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Re: Concrete
Post by Hildum   » Mon May 15, 2017 5:49 pm

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Keith_w wrote:Definitely the last part about the Writ. The problem that I thought about when I thought about unreinforced concrete was during the winter when water levels are low, there is no equal pressure on the "inside" of the canal to counteract the external pressure from the earth as it freezes and expands, causing the canal wall to move into the canal. Not that I think that the canal will collapse in a single year, or even a decade, but over the years the damage will build up, springing leaks out and eventually collapse into the canal.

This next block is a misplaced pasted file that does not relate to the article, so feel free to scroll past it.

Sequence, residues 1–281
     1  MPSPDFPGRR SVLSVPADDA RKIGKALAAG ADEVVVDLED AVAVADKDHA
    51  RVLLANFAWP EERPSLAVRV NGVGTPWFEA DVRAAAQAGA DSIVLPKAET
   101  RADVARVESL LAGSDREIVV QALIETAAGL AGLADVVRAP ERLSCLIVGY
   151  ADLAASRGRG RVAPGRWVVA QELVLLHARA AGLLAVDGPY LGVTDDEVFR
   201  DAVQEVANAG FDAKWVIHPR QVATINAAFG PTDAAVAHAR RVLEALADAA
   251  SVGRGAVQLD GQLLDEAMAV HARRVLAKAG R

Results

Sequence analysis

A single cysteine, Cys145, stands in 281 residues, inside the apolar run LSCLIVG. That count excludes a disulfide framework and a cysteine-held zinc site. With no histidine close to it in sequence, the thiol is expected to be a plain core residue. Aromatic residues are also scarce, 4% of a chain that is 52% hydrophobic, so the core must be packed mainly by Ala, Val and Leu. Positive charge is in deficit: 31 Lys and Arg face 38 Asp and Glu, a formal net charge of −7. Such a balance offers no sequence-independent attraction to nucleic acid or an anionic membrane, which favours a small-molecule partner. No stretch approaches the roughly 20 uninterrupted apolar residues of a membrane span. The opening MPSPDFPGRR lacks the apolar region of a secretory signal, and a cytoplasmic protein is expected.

Well, they did mention that the canals needed regular maintenance. In fact, I suspect there is a major problem due to the lack of regular maintenance on major infrastructure due to the Sword of Schuller. If you fail to maintain a building for as little as five to ten years, the damage can be so severe that you basically have to tear it down and rebuild from scratch. Specifically, I suspect that a lot of the canal and road infrastructure that was not deliberately destroyed will have to be completely rebuilt anyway just due to natural wear and tear. Given enough time any weed can split a concrete block.
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Re: Concrete
Post by saber964   » Mon May 15, 2017 5:51 pm

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Hildum wrote: